Posts tagged ‘setting’
Retell: Everyday Hachiko accompanies his owner, Dr. Ueno to Shibuya Station and patiently awaits his return. When Dr. Ueno doesn’t return one day Hachiko continues to wait at the station…for ten years.
Topics: dogs, Japan, loss, loyalty, Tokyo
Units of Study: Nonfiction, Memoir
Tribes: mutual respect, appreciations/no put downs
Habits of Mind: persistence
Writing Skills: using imagery, describing setting details
My Thoughts: A colleague of mine gave me this book as a gift knowing my connection with Japan. I taught in Japan for three years. Last summer when I visited Japan again I took a trip to Shibuya Station and learned about the story of Hachiko.
I’m not sure if I’d be able to read this book out loud to my class without crying, or making someone else cry. It’s such a beautiful book though. I can see using this as a mentor text for showing how writers describe the setting. Many of my students have difficulty describing anything but the weather. This text shows how a writer takes time to describe the ‘action’ of the setting–the movement of the crowd, the clothes the people are wearing, etc.
Topics: grandparents, journeys, San Francisco, Japan, World War II, California, travelling, home, being homesick, family
Units of Study: Memoir, Social Issues
Reading Skills: envisionment, interpretation, inference, making connections
Writing Skills: adding setting details, developing the heart of a story, including reflection, including endings that connect to the beginning
My Thoughts: I think I have a soft spot in my heart for this book because I too get homesick for more than one place. Allen Say’s illustrations remind me of faded photographs and automatically put me into a reflective, sentimental mood. This is a perfect text to use during the Memoir unit. Though it starts out as a story about his grandfather, it ends up being more about the author himself.
Topics: underground railroad, slavery, perseverance
Units of Study: Nonfiction, Content-Area Reading and Writing, Historical Fiction
Tribes: personal best
Reading Skills: inference, emapthy
Writing Skills: incorporating symbolism, using setting details
My thoughts: I can see why this won a Caldecott Award. The illustrations by Kadir Nelson are larger than life. What’s nice about this book, as well as many biographies written for young readers, is its author’s note. Reading both the story and the author’s note is a nice way to compare narrative and expository nonfiction. Though Henry’s Freedom Box is a biography, I could also see reading this book during a unit on historical fiction to examine how an author tucks in historical details.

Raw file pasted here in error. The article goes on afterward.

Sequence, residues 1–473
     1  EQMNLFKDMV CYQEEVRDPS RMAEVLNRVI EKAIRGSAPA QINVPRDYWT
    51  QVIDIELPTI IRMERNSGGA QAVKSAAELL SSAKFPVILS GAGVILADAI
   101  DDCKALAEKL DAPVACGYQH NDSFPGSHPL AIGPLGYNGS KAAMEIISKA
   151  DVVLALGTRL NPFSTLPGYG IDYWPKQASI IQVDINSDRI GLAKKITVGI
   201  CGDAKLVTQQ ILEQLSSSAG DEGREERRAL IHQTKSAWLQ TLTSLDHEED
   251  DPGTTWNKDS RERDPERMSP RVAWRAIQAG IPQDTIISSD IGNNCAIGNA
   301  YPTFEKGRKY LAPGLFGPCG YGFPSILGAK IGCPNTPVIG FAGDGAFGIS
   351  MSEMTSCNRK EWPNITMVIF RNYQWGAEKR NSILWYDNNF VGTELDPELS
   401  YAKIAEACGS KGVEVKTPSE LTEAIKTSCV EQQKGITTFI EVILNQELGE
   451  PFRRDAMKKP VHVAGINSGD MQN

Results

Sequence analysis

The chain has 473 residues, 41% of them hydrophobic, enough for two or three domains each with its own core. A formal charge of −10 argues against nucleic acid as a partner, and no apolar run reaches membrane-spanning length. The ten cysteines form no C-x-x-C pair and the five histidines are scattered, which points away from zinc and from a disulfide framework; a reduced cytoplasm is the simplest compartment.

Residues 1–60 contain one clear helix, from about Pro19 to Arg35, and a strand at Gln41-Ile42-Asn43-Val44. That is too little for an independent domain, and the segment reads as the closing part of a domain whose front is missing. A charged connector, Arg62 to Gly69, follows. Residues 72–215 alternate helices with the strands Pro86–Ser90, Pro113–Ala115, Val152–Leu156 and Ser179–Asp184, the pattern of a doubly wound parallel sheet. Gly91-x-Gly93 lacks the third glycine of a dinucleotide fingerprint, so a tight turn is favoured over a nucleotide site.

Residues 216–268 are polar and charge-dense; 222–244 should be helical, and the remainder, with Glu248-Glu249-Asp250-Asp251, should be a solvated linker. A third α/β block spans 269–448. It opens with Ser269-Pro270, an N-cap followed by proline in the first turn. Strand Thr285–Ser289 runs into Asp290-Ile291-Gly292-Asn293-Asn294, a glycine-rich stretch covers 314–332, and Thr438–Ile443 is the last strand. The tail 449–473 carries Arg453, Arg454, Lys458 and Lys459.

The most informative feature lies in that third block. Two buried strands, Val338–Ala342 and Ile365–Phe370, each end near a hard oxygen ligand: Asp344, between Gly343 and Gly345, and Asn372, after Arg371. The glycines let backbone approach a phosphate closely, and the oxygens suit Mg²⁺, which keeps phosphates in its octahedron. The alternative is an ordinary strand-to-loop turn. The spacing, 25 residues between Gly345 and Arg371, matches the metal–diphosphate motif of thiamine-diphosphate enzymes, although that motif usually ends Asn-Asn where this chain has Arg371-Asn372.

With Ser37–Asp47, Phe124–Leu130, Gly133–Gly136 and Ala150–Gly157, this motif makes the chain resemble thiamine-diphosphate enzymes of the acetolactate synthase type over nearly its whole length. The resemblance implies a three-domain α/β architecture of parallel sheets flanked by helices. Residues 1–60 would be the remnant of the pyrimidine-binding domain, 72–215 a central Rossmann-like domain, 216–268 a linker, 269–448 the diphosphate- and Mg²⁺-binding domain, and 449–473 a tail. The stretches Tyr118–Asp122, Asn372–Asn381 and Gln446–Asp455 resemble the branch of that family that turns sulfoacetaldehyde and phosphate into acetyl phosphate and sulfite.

Retell: Ruth, a young girl growing up during The Great Depression, discovers that her school will be closed down before she enters her 5th grade year. Ruth learns a lesson of perseverance and counting one’s lucky stars.
Topics: The Great Depression, perseverance, family,
Unit of Study: Historical Fiction, Character
Tribes: Personal best
Reading Skills: inference, making connections, prediction
Writing Skills: incorporating setting details, using sensory details
My Thoughts: This book would be a great mentor text during a unit on reading and writing historical fiction. However, I’m tempted to use this at the beginning of the year when I introduce partner work and independence. The Lucky Star teaches that smart people persevere through difficult situations. A closure of a school, or similarly an absence of a teacher or a change in schedule, does not mean that learning stops completely.
Topics: neighborhoods, Harlem, community
Units of Study: Personal Narratives, Geography of New York
Reading Skills: envisionment
Writing Skills: writing small moments, including setting details, writing metaphors and similes
My Thoughts: This beautiful book shows that writers observe the world around them. Each observation is something that can turn into powerful writing. I plan on using this book as a mentor text for teaching about metaphors and similes. Collier writes, “Uptown is a caterpillar. Well, it’s really the Metro-North train as it eases over the Harlem River.” Though my students don’t live in Harlem, I’m hoping that reading this book together will show them that they need to share their world with others through writing. The world needs more books about Sunset Park, Brooklyn! For 4th grade teachers in New York, I can see using this book during a Geography unit. Perhaps after reading Uptown, students could locate the landmarks in the book on a subway map.
Retell: After purchasing a red canoe at a yard sale, a family goes on a three-day canoe trip.
Topics: Family, adventure, camping
Units of Study: Personal Narratives, Launching the Writers Notebook
Tribes: Personal Best
Reading Skills: envisionment, making connections, inference
Writing Skills: incorporating details about setting, using transition words, including sensory details, writing endings that connect to the beginning
My thoughts: This book has great teaching potential. As the marbled cover suggests it reads like someone’s writers notebook. Each page describes a scene from the camping trip. I can imagine using this book when I introduce writers notebooks to my students. Each page is a small moment that could be stretched into a larger story. The colorful, colored pencil drawings will be inspiring for young artists who like to draw pictures with each notebook entry. I plan on using this as a mentor text for students who want to write endings that connect to an earlier scene.